China's yuan falls below sensitive level of 7 to US dollar

FILE - In this June 10, 2019, file photo, a man walks past a money exchange shop decorated with different banknotes at Central, a business district of Hong Kong. China's yuan fell below the politically sensitive level of seven to the U.S. dollar on Monday, Aug. 5, 2019, possibly adding to trade tension with Washington. The currency weakened to 7.0177 in early trading following U.S. President Donald Trump's threat last week of tariff hikes on additional Chinese imports in a fight over Beijing's trade surplus and technology policies. (AP Photo/Kin Cheung, File)
Office workers walk past an electronic board showing shares prices at the financial district in Hong Kong, Monday, Aug. 5, 2019. Asian stock markets fell for a third day Monday after China allowed its yuan to sink to its lowest level this year following President Donald Trump's latest tariff threat. (AP Photo/Kin Cheung)

BEIJING — China allowed its yuan to fall below the politically sensitive level of seven to the U.S. dollar for the first time in 11 years on Monday, raising the possibility Beijing might use devaluation as a weapon in a tariff war with Washington.

The central bank blamed the exchange rate's decline on "trade protectionism." That followed President Donald Trump's threat last week of more tariff hikes on Chinese goods in a bruising fight over Beijing's trade surplus and technology policies.

The currency weakened to 7.0267 to the dollar by midday, making one yuan worth 14.2 cents, its lowest level since February 2008.

"The thought of a currency war is crossing more than a few traders' minds," said Stephen Innes of VM Markets in a report.

The weakness of the yuan, also known as the renminbi, or "people's money," is among U.S. grievances against Beijing. American officials complain a weak currency makes Chinese export prices unfairly low, hurting foreign competitors and swelling Beijing's trade surplus.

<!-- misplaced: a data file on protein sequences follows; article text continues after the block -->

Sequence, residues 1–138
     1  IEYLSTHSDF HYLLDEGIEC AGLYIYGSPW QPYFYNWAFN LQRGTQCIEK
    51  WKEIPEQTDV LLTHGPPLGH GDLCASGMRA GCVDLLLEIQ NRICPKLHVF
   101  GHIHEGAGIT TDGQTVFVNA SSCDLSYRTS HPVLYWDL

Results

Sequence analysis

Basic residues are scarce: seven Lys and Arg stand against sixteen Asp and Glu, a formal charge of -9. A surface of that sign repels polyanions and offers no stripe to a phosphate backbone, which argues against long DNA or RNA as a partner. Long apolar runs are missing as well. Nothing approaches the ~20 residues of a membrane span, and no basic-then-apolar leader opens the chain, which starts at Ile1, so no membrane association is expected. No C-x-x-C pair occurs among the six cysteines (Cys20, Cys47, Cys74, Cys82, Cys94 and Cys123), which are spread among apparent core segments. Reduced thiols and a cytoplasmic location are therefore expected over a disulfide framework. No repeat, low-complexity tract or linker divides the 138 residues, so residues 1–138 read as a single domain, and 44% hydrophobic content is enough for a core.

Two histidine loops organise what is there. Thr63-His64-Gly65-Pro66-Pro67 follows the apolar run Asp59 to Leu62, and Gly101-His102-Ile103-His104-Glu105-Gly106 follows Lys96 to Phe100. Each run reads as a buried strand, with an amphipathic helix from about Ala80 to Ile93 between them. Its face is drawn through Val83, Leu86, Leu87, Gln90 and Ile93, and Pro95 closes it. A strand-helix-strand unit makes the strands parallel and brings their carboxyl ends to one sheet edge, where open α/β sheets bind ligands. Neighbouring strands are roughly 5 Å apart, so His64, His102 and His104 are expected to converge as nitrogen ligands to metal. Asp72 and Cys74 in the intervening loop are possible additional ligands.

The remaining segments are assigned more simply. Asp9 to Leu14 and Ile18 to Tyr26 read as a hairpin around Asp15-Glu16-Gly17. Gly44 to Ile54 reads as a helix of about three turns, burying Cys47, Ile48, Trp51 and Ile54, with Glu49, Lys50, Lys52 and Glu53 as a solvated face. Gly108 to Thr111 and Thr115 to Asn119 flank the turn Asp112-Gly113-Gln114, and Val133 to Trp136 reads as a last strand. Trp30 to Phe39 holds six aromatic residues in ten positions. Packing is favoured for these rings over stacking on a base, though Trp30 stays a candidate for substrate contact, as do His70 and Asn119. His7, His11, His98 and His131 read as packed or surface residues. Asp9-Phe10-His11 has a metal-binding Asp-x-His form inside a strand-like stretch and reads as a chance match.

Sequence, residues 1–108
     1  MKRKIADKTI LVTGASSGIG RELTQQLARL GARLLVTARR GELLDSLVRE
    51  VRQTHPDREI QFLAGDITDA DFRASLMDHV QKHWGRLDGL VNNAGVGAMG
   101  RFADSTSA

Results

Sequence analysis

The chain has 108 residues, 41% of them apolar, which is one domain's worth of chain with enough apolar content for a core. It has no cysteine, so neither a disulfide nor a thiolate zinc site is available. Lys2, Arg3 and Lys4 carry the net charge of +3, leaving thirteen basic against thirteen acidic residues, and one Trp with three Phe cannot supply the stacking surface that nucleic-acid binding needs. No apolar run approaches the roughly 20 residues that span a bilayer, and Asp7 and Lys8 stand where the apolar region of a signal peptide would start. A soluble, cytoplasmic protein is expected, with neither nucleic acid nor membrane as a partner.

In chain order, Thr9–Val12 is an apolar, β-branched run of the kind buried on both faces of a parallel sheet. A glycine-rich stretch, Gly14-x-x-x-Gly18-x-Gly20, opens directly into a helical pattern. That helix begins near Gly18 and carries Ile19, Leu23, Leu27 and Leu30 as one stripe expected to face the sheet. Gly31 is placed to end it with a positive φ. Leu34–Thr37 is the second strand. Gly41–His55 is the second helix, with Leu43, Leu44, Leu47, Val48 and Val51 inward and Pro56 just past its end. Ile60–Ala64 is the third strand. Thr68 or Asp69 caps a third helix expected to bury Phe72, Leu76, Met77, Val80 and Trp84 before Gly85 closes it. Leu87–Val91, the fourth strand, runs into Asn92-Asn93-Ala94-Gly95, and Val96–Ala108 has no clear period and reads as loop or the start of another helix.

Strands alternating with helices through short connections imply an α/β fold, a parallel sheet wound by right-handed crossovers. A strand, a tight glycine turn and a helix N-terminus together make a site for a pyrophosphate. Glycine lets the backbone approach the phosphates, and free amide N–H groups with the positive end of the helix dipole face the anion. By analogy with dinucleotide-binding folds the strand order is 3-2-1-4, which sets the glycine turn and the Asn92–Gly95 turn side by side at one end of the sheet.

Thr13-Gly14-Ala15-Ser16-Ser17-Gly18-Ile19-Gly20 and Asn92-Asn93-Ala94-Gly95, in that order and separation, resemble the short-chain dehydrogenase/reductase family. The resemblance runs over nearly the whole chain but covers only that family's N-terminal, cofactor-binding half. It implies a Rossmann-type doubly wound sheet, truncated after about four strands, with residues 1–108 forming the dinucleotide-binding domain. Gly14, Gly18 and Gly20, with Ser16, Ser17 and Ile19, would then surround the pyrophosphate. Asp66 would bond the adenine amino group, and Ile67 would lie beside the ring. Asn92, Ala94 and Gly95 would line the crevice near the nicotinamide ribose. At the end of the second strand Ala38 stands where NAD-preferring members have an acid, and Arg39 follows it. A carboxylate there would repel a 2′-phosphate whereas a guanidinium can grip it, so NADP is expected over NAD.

China's central bank sets the exchange rate each morning and allows the yuan to fluctuate by 2 percent against the dollar during the day. The central bank can buy or sell currency — or order commercial banks to do so — to dampen price movements.

The bank "likely sees no urgent need" to keep the yuan stable "and 7 is no longer a line of defense," said Innes.

The level of seven yuan to the dollar has no economic significance, but could revive U.S. attention to the exchange rate.

Until now, economists said the potential jolt to financial markets of falling beyond that level was big enough that the People's Bank of China would step in to put a floor under the currency.

A central bank statement Monday blamed "unilateralism and trade protectionism measures," a reference to Trump's tariff hikes. But it tried to play down the significance of "breaking seven."

"It is normal to rise and fall," said the statement. It promised to "maintain stable operation of the foreign exchange market."

Chinese leaders have promised to avoid "competitive devaluation" to boost exports by making them less expensive abroad — a pledge the central bank governor, Yi Gang, affirmed in March. But regulators are trying to make the state-controlled exchange rate more responsive to market forces, which are pushing the yuan lower.

Trump's tariff hikes have put downward pressure on the yuan by fueling fears economic growth might weaken.

The U.S. Treasury Department declined in May to label China a currency manipulator but said it was closely watching Beijing.

The yuan, also known as the renminbi, or "people's money," has lost 5 percent since hitting a high in February of 6.6862 to the dollar.

That helps exporters cope with tariffs of up to 25% imposed by Trump on billions of dollars of Chinese goods. But it raises the risk of inflaming American complaints.

Trump rattled financial markets Thursday by announcing plans for 10% tariffs on an additional $300 billion of Chinese goods, effective Sept. 1. That would extend penalty duties to almost all U.S. imports from China.

The Treasury report in May urged Beijing to take steps "to avoid a persistently weak currency."

A weaker yuan also might disrupt Chinese efforts to shore up cooling economic growth. It would raise borrowing costs by encouraging an outflow of capital from the world's second-largest economy.

The central bank tried to discourage speculation last August by imposing a requirement that traders post deposits for contracts to buy or sell yuan. That allows trading to continue but raises the cost.

Beijing imposed similar controls in October 2015 after a change in the exchange rate mechanism prompted markets to bet the yuan would fall. The currency temporarily steadied but fell the following year.

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AP researcher Yu Bing contributed to this report.

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